Wednesday, November 23, 2005

Spike Jones


"Lindley Armstrong "Spike" Jones (December 14, 1911 - May 1, 1965) was a popular musician and comedian. He was born in Long Beach, California.
His father was a Southern Pacific railroad agent. He got his nickname by being so thin that he was compared to a railroad spike. At the age of eleven he got his first set of drums. As a teenager he played in bands that he formed himself. A chef in a railroad restaurant taught him how to use adapted pots and pans, forks, knives and spoons as musical instruments. He frequently played in theater pit orchestras. In the 1930's he joined the Victor Young Band and thereby got many offers to appear to radio shows including the Al Jolson Lifebuoy Show, Burns and Allen (with George Burns) and Bing Crosby's Kraft Music Hall. In 1940, he had an uncredited part in the film Give Us Wings, and in 1942 as a hillbilly in Pass the Biscuits, Mirandy. He joined up with vocalist Del Porter and performed in Los Angeles, gaining a cult following. By 1941 the band included violinist Carl Grayson. Other band members were George Rock (voice and trumpet), Doodles Weaver (voice) and Red Ingle (voice). They became his backing band The City Slickers.Jones's wife was the singer Helen Grayco, who performed on some of his radio shows. They recorded five records for Victor's label "Bluebird" before receiving their big break."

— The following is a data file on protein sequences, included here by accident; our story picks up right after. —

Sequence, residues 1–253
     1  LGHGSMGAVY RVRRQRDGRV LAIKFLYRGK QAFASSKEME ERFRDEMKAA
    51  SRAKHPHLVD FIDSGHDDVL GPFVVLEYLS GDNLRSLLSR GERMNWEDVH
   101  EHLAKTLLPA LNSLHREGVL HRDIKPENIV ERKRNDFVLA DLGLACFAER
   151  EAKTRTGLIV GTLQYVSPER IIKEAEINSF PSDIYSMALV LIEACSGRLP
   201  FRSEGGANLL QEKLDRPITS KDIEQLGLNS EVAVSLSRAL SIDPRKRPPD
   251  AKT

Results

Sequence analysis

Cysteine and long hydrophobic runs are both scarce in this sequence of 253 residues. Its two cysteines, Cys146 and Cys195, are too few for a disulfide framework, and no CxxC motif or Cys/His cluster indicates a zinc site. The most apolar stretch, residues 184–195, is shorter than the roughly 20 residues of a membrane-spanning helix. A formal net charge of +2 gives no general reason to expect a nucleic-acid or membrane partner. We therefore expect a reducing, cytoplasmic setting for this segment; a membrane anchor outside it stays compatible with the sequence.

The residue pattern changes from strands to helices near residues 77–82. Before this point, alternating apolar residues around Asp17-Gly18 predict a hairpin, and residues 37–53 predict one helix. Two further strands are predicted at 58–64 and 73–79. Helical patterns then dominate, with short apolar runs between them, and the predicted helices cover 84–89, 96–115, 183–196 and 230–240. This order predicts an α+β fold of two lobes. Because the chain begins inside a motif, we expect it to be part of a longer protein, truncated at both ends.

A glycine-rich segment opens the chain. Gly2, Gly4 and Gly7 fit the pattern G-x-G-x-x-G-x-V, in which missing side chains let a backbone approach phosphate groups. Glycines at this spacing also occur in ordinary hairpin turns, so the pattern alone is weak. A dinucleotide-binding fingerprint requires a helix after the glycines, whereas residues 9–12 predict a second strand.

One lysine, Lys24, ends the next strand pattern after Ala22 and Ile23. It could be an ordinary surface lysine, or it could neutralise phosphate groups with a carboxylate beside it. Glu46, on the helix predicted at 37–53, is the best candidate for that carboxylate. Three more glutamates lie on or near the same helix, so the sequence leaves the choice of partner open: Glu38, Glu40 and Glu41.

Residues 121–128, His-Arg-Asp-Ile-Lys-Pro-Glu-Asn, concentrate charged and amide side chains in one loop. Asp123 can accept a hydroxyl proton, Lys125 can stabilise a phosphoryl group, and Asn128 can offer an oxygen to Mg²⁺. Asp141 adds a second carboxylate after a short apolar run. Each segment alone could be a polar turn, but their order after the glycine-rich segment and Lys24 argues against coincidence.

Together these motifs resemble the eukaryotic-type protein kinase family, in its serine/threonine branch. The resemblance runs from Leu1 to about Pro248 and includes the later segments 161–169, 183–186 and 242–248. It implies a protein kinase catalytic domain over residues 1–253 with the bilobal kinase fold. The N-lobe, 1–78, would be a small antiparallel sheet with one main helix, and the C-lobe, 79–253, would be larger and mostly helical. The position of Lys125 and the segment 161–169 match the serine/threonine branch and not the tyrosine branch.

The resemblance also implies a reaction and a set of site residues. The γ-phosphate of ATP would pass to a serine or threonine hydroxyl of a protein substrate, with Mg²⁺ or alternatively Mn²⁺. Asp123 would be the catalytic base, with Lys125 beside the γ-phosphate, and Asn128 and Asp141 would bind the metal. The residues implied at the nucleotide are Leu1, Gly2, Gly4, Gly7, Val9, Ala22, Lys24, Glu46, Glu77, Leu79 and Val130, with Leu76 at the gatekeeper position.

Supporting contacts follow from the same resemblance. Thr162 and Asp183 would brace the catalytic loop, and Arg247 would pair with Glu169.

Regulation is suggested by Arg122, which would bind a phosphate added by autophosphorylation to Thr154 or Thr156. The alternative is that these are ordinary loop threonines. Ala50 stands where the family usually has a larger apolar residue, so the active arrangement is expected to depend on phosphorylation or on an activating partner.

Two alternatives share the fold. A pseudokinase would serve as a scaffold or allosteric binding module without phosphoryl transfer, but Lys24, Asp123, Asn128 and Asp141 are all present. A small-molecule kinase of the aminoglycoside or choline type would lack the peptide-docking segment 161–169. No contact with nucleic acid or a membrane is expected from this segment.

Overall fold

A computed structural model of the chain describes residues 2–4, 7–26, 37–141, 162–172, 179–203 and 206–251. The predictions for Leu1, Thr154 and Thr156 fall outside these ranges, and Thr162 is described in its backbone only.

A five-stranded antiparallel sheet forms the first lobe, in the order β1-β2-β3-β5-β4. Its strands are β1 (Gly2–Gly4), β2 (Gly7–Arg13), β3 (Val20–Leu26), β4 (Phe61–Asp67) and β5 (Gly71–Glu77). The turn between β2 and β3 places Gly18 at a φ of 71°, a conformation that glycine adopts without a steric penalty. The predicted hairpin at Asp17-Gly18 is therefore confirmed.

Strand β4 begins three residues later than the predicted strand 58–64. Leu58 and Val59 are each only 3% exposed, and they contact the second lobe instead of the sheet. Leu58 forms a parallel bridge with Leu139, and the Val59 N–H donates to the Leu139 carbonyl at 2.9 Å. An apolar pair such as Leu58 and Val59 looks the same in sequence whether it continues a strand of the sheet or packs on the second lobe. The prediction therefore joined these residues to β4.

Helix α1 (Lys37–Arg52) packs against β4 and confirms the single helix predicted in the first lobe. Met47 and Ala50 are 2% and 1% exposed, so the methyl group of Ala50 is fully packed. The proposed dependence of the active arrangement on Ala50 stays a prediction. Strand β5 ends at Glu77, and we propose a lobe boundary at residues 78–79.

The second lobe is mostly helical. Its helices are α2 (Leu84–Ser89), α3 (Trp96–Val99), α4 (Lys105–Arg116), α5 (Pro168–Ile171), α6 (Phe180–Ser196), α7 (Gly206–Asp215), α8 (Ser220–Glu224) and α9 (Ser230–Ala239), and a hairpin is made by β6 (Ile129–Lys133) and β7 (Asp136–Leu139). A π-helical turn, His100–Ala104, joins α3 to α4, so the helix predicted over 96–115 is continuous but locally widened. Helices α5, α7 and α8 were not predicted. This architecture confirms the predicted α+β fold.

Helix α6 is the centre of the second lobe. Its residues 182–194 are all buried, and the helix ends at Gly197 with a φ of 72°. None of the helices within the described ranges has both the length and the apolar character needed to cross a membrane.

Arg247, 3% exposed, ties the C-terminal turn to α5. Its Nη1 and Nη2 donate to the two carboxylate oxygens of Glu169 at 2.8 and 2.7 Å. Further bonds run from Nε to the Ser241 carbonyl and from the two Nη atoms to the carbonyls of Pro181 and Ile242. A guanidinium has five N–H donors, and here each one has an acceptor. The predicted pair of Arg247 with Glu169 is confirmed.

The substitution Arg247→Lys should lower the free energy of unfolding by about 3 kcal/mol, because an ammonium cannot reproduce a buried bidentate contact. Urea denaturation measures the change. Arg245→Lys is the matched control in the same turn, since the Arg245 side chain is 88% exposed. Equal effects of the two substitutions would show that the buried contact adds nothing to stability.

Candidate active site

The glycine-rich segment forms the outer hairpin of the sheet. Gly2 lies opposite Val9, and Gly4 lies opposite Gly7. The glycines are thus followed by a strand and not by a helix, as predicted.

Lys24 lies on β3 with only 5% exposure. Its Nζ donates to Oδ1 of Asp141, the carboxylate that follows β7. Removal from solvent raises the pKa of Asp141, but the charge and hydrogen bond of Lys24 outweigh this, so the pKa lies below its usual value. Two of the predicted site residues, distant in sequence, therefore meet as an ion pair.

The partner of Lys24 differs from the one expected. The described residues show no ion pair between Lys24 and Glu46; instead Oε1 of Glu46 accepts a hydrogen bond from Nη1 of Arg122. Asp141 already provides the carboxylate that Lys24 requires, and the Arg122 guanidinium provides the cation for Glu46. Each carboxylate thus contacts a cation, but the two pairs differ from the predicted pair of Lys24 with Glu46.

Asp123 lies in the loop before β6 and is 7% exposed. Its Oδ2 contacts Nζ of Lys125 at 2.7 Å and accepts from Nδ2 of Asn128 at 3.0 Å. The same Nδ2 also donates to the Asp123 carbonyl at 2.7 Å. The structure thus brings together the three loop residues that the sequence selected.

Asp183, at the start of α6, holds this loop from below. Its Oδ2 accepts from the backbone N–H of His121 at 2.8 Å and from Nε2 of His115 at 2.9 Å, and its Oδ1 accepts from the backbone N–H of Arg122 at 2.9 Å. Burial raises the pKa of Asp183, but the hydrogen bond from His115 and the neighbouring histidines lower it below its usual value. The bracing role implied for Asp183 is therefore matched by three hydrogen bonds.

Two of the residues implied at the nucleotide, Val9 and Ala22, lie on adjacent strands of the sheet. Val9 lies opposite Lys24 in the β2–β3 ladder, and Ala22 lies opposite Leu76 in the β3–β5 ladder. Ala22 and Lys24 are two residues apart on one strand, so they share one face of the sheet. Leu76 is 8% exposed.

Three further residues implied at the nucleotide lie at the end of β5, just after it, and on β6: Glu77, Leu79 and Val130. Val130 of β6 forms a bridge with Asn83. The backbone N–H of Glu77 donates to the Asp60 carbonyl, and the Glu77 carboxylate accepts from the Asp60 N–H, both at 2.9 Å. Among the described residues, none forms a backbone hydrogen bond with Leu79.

This EP was on the tape sent today with the Johnny Standley and it seems churlish not to include it all as its very funny despite the bad quality of some of the surface noise. Sorry! I have quite a few Spike Jones albums, records and tapes but never heard this one before with Spike introducing each track.

Find out more about Spike Jones HERE.

Spike Jones - Fun In Hi-Fi Pt.1

Spike Jones - Fun In Hi-Fi Pt.2

These Rapid Share files are available by scrolling down the page and clicking on the FREE button. Wait at the bottom of the page for your file to appear ( about 20 seconds ).

1 comment:

Cocaine Jesus said...

and there was me thinking that Spike Jones was still knocking around well into the nineties.